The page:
26-07-16, 21:29
“We seek constancy in heredity- and finds it’s opposite variation.”

S. Mukherjee, The Gene An intimate story (2016)

Exactly!
In genetics I’am ambivalent. On the one hand I’am curious and fascinated by history, roots and ancestry. Can we find patterns in it? On the other hand I’am convinced that reality is always diverse and messy. The nicest flowers live on the edge! ;) But this ambivalent attitude can be healthy is my opinion.
Because otherwise can phenotypes easily lead to prejudice and stereotyping,. That’s because it can be inherent in classification. This attracts especially people who are attracted to homogenity and/ore close kinship… with Storm front in the ultimate end of it….
So it’s nice to see Angela that there are more “fellow travelers” who have this same combination: eye for roots, heritage and at the same time eye for flux and diversity!



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Angela
26-07-16, 22:33
[QUOTE=Angela;485127]O/QUOTE]

"We seek constancy in heredity- and finds it's opposite variation."

S. Mukherejee, The Gene an intimate story (2016)

Exactly!
On the one hand I'am curious, what's behind these physical appearance, what are the patterns and similarities. On the other hand the reality is always divers, and messy and therefore beautiful. The nicest flowers grow always at the edges. And I know this attitude, finding patterns vs messy diversity, is not without contradictions. But I think this is a healthy contradiction.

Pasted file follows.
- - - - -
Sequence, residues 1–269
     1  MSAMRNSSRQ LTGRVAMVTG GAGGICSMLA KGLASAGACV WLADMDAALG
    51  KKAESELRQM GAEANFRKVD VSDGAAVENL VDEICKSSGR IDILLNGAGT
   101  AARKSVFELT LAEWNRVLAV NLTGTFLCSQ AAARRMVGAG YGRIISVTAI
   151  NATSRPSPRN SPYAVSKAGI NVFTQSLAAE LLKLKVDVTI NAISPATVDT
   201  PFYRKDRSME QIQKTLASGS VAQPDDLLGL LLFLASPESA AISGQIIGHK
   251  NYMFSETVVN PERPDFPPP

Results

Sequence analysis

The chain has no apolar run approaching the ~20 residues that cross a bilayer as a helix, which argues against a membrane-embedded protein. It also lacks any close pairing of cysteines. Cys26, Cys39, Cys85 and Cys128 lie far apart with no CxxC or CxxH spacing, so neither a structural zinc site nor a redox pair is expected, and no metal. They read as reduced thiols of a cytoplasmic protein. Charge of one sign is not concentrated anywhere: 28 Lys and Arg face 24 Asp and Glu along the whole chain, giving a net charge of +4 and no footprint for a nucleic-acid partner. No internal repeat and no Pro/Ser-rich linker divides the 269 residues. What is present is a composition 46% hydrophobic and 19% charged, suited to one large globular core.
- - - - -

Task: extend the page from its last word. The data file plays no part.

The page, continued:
That's also the case with classifying, with phenotypes. It seems to be that it often comes to stereotyping and prejudice. It's looks like as if it is (although not surprisingly) especially attractive to those who underline kinship and homogenity. In the end it comes to closed mind....
So how to combine our curiosity driven eagerness to go into our heredity, 'detect patterns' without ending in stereotyping!?
May be Eupedia is the place where I can find these kind of "fellow travelers"!






L]












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I couldn't agree more, and you will indeed find people here who have this kind of attitude.

Dominicanese
06-09-16, 21:57
but at 5-9 to 6-3, many were tall but idk about today\s standards but they were pretty strong people

MOESAN
15-09-16, 17:56
@Northerner:
You writes surprising things (to me at least):